King D. João I granted the “Fair Charter” to what was known at the time as Feira Franca de Viseu in 1392. Later, it was renamed Feira de São Mateus (St Matthew’s Fair), now one of Portugal’s most important fairs that has been held over 600 times. Initially held in May and later in April on St George’s day, the patron saint of the Knights and the crusades, the Fair was moved to September around St Matthew’s Day, 21 September, at some time that cannot be pinpointed but some historians ascribe to the 16th century. Today, Feira de São Mateus is held in August and September and for about forty days provides visitors with the best Portugal has to offer, being a very special event for emigrants who return to their roots at this time of year. Every year the city of Viseu gathers around one million people in an enclosure of over 75 thousand square meters: a large event of popular, cultural, economic, and gastronomic characteristics. But it was not always so. The event went through troubled times: difficulties that arose from times of crisis or caused by a decrease in fair’s usefulness as a market, due to changes in the dynamics of trade, the event also suffered from the lack of a local revitalization project. But the will of Man and History – always history! – spoke louder, and at the beginning of the twentieth century, the local government breathed new life into the fair. Since then, the venue has gained renewed importance, the range of goods on offer has expanded substantially, the exhibition areas have grown, and a clear commitment to garnering new audiences and to a reconciliation with the Fair’s history brought new traditions: artistic lighting, the Villages’ Parade, the Fire Fighters’ Tea Room Ball, the cabbage soup, and (of course) eels.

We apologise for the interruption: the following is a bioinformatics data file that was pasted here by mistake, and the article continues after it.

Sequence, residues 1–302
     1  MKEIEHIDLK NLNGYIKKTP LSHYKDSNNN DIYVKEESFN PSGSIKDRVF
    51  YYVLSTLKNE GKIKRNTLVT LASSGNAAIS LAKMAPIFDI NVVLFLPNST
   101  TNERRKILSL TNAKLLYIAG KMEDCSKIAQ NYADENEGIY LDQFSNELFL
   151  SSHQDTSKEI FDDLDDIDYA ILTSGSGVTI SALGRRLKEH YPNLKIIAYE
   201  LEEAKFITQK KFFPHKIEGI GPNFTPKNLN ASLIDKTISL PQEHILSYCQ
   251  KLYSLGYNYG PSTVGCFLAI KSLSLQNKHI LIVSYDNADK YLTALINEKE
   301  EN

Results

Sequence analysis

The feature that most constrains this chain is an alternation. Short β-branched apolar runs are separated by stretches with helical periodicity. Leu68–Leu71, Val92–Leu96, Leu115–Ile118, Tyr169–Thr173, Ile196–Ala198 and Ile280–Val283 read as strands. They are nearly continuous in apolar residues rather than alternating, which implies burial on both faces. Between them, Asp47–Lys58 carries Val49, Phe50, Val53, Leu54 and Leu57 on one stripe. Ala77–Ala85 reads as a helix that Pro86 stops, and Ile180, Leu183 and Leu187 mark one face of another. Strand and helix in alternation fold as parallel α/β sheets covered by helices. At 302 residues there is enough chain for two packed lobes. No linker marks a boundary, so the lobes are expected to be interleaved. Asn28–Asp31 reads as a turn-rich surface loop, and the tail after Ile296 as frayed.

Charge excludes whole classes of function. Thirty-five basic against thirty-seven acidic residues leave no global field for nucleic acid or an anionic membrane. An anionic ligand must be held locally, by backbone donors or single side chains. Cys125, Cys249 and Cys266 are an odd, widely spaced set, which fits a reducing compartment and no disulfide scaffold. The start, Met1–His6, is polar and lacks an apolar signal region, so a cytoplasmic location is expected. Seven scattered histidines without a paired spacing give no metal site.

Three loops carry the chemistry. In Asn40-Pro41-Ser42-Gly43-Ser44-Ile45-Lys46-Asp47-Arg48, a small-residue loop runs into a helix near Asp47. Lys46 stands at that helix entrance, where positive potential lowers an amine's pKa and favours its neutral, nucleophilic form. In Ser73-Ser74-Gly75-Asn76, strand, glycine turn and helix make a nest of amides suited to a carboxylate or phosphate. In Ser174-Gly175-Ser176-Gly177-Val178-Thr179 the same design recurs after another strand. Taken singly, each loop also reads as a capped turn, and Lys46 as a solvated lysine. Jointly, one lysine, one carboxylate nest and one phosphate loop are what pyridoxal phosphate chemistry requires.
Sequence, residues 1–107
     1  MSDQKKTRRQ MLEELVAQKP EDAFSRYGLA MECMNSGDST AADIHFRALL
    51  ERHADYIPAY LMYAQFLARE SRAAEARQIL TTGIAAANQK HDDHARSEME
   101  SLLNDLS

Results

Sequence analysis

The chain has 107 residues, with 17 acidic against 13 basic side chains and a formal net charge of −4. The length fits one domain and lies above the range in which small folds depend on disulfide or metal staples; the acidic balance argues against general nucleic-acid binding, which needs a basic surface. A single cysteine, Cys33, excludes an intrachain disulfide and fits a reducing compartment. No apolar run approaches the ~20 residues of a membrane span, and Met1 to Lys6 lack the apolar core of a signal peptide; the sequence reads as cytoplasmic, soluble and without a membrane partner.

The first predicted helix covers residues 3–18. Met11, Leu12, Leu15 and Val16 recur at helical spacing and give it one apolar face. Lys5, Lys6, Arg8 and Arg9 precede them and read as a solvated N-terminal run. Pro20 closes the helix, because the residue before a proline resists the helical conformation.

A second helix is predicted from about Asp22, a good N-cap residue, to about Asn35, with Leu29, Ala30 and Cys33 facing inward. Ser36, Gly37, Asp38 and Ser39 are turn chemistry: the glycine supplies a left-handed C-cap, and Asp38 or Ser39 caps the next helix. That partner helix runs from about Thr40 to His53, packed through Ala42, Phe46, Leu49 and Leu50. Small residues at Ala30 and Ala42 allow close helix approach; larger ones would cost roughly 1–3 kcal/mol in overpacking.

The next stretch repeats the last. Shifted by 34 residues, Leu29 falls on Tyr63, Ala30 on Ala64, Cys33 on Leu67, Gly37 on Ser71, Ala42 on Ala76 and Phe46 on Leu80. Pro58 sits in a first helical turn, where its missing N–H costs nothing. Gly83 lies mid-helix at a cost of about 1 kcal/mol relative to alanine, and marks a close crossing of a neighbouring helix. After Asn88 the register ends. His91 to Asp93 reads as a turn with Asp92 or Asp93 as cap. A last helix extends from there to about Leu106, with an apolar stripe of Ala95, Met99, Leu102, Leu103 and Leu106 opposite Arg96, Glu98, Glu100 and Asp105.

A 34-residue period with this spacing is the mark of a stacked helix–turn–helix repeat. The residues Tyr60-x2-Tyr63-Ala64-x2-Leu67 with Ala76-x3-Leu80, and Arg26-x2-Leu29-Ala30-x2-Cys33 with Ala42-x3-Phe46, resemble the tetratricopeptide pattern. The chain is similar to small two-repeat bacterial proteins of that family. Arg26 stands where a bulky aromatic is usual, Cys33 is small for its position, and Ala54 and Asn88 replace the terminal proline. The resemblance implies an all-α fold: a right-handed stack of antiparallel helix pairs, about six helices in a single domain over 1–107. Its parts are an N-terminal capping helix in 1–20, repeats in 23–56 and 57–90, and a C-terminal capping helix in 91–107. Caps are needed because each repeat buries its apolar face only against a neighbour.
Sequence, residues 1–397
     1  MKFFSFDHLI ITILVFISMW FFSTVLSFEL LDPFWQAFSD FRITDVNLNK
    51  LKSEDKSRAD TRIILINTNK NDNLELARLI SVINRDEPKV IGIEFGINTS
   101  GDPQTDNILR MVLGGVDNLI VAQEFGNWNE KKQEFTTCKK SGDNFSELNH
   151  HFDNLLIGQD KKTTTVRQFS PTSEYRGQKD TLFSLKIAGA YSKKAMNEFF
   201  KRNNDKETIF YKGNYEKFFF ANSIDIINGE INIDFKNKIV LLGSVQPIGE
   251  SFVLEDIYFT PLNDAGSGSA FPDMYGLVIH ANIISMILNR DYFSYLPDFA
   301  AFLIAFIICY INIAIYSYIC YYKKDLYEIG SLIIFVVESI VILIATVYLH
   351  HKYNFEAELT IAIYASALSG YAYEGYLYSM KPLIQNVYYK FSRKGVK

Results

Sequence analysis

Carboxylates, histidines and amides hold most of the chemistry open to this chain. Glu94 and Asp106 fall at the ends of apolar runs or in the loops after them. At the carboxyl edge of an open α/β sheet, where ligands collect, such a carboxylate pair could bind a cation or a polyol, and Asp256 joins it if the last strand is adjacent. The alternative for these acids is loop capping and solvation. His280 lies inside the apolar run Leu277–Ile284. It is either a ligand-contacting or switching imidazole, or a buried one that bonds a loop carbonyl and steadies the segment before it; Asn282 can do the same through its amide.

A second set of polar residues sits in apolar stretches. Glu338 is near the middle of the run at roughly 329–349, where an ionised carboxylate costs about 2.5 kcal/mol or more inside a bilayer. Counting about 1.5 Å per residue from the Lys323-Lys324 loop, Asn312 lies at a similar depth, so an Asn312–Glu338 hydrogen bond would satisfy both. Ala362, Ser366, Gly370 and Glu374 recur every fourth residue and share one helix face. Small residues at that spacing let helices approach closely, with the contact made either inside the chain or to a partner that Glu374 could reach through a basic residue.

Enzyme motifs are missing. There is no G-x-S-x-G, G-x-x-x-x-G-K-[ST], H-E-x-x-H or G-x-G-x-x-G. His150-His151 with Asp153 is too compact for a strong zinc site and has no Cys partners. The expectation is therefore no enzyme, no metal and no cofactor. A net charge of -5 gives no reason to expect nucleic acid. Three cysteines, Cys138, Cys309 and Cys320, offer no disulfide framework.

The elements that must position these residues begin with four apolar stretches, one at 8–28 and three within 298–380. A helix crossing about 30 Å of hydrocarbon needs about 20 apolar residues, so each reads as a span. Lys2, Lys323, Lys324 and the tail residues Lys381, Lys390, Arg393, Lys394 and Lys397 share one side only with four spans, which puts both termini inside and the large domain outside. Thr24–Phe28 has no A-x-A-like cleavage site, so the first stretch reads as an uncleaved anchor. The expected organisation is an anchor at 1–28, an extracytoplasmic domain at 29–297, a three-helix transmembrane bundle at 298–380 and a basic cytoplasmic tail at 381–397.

Eel, this delicacy that has already become a symbol of Feira de São Mateus, has been a part of Viseu’s history since before Comur was founded in 1942. Because there was a surplus of eels captured by fishermen in Aveiro Lagoon, the women of Murtosa fried them, preserved them in pickled sauce, and took them to sell at the fair – an important source of income for families. The fact that access to fish is very limited inland made this delicacy even more appreciated by visitors to the Fair, who knew that they would find it there. And in the 1940s, as Feira de São Mateus was the most important in the region, it was an obvious destination for the eels from Murtosa. Comur was born precisely to organize the sale of these pickled eels. And over almost eight decades, Comur has been conquering its space at Feira de São Mateus. Today, it is one of the fair’s main attractions. In 2020, in a restored ’70s Bedford van bearing the colours of Comur in homage to the past, we reinvented a new way of presenting eels to the world with the same recipe and taste as always. The eels prepared by Comur are still considered one of the most special delicacies that Portugal has to reveal to the world. During August and September, they take centre stage and shine full of flavour at Feira de São Mateus, with memories shared with many Portuguese people. But they’re here for you all year round.